Six years ago, Mohamed Bouazizi lit himself on fire, an act of protest that toppled the Tunisian regime, captivated and captured Egypt, and from there reached Libya and Bahrain, Yemen and even Syria. The world without was mesmerized, astonished, amazed and inspired. Everything we thought we know about Arabs and Muslims, Middle Easterners and North Africans, was upended. President Obama even gave a speech.
He said some nice things, but that was about it. What he brought to this historical moment wasn’t just disjointed, confused and half-hearted. It was entirely unequal to the world historical moment he found himself in, a hinge-point in history, one of those rare weeks and months when it seemed possible to reorient the entire direction of the planet. It was ultimately reoriented, just not in the direction many of us might have hoped.
Last week, Aleppo all but fell. Russian and Syrian forces drop barrel bombs indiscriminately into Aleppo and other population centers, lighting civilians on fire. That is the worst violence in the Middle East, but not the only violence. Saudi Arabian and allied forces are pummeling Yemen, a catastrophe that usually goes uncommented on; the Gaza Strip remains under siege; the West Bank is even more occupied; Iraq teeters on the edge of anarchy; and Turkey has fallen under an authoritarian shadow.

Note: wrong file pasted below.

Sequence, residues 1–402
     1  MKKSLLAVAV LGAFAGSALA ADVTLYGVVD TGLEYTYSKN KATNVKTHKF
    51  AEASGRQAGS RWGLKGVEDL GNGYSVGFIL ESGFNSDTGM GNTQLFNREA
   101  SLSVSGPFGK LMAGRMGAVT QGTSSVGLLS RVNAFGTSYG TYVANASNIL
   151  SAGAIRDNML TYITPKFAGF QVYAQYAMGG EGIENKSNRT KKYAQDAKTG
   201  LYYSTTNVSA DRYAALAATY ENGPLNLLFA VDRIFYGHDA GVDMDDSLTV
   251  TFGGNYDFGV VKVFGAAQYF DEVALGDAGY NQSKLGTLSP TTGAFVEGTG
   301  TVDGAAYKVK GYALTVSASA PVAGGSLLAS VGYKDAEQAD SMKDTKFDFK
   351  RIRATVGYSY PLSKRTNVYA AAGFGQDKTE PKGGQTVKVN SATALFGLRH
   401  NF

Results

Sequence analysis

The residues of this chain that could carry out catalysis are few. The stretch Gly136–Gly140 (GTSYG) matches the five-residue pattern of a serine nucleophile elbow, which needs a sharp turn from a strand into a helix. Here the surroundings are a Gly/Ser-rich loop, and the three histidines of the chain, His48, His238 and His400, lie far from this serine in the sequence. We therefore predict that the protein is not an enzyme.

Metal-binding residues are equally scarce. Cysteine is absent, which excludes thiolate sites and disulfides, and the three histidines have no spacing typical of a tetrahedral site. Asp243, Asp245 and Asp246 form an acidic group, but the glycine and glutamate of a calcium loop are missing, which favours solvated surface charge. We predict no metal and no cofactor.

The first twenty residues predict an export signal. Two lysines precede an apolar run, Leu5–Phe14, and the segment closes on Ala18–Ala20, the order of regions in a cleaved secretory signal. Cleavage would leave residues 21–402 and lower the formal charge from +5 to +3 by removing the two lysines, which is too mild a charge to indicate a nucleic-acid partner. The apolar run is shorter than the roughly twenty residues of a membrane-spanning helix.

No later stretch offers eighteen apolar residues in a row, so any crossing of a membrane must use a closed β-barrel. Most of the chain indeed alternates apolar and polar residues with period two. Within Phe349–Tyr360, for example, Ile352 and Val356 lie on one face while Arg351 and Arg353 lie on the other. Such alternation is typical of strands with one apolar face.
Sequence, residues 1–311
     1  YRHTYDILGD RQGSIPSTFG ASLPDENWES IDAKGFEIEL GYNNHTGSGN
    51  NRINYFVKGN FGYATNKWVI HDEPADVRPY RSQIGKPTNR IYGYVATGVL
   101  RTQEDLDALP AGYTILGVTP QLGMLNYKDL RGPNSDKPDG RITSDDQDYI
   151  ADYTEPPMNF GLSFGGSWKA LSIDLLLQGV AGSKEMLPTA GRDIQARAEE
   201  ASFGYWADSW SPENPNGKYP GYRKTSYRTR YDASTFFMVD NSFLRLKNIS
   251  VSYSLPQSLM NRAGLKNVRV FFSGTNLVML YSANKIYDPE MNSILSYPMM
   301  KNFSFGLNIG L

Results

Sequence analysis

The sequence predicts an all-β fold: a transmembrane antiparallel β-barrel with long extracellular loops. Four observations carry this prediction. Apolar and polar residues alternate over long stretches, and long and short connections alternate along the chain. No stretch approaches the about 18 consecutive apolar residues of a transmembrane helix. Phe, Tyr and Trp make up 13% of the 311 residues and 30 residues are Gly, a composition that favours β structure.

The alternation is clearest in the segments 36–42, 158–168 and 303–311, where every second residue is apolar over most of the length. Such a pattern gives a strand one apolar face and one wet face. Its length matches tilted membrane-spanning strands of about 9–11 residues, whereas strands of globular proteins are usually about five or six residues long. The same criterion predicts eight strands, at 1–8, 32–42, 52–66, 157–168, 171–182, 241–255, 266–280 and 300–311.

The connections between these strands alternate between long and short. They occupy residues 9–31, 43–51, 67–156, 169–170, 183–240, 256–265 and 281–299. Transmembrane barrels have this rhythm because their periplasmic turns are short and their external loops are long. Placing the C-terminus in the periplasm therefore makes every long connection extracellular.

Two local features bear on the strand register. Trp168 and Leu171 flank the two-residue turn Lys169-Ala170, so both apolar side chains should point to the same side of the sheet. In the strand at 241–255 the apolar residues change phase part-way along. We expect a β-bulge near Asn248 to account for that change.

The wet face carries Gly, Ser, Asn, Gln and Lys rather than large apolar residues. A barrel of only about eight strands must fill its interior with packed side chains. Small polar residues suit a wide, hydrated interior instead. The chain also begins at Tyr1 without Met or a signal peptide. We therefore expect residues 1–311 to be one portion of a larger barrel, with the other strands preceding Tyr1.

There are bright spots in the Muslim world, but a sense of ominousness is inescapable. It doesn’t just seem like the Arab Spring is over, but that the winter is here to stay. Should Trump and Putin translate their public flirtation into geopolicy, many more will die. Trump may very well entirely cede Syria to Putin, but that doesn’t even begin to cover it. Putin may very well indulge Trump’s desire to go after the Iran Deal, and even abandon his Iranian ally in the event of potential war, in exchange for a freer hand in Eastern Europe.
The genocides in Eastern Europe, which overwhelmingly targeted Muslims and then Catholics, were only stopped by a combination of NATO intervention and the promise of European integration. What happens now?
Those who supported Trump may be emboldened by his rhetoric against Muslims; in the Balkans, that may mean renewed war. Elsewhere supporters may come to regret their enthusiasm. Despite the triumphalism with which Israel’s far-right greets Trump’s election and cabinet selections, the long-term consequences of Israeli irredentism are not hard to imagine. An ever-more alienated Palestinian population coupled with a destabilized Middle East is a bad combination. Already ISIS is excited by the prospect of such an openly anti-Muslim American presidency. Trump’s own statements and policies suffice as a recruitment tool among those marginalized and brutalized by the consequences of American and Russian intervention.
Does that mean despotism and dictatorship won? I wouldn’t begrudge you for thinking so—but I also don’t believe it, either.